Not everyone has a 401(k) at work, but that is irrelevant. Retirement safeguards are in place for workers, and besides, anyone can open an IRA either at a bank or online.
The Employee Retirement Income Security Act of 1974 has evolved over the past four decades.Read More
Advocates say the best place to address these issues is at the state level, and California is the closest to implementing a state-run plan.
What is the trend among large corporations to offer retiring leaders some guidance or preparation for both the financial and emotional impact of retirement? Why do they do it and what types of services do they offer?
— Fact-finding Mission, president, consulting/legal, Los Gatos, California
The employee cycle; (not) getting schooled; job hop; when I'm 65.Read More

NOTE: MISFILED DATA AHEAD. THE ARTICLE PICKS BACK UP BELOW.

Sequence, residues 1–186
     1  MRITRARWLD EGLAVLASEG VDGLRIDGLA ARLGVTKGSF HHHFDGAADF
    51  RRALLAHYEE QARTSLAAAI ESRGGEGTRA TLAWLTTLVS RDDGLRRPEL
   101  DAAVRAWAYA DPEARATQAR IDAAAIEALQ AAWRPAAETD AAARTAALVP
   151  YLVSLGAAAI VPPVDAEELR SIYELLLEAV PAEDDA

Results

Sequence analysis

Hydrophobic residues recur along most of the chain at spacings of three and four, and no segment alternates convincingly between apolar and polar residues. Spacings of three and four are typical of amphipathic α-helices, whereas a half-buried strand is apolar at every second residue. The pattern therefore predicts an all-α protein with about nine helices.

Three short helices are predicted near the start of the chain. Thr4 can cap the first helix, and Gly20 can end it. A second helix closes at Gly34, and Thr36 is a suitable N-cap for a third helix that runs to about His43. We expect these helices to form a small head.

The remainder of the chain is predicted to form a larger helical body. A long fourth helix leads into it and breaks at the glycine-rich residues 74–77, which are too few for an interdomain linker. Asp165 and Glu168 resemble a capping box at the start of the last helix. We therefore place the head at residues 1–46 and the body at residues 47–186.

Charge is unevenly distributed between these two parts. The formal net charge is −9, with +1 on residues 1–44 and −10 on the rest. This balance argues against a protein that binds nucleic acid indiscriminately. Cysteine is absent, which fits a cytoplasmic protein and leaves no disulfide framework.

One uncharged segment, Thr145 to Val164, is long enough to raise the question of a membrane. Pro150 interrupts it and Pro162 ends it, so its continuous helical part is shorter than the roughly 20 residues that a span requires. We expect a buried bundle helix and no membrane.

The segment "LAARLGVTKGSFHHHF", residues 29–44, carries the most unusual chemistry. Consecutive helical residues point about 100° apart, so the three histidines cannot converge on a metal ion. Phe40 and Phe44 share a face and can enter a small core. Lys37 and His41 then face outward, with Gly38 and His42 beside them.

A recent study indicated that 48 percent of respondents believe they will need $50,000 to pay for individual health care costs in retirement, but the true cost is estimated at four times that amount.Read More
Research shows that not every U.S. worker is saving for retirement, but experts disagree on who’s to blame.Read More
Workers are stashing away cash. It just may not be enough to feather the nest egg for long once they retire.Read More
While the same percentage of men and women participate in company 401(k) plans, men saved an average of $100,000 compared with $59,300 for women.Read More
The American Taxpayer Relief Act of 2012 made it possible for participants to convert all the money in their traditional plan to a Roth, if the employer offers the plan.Read More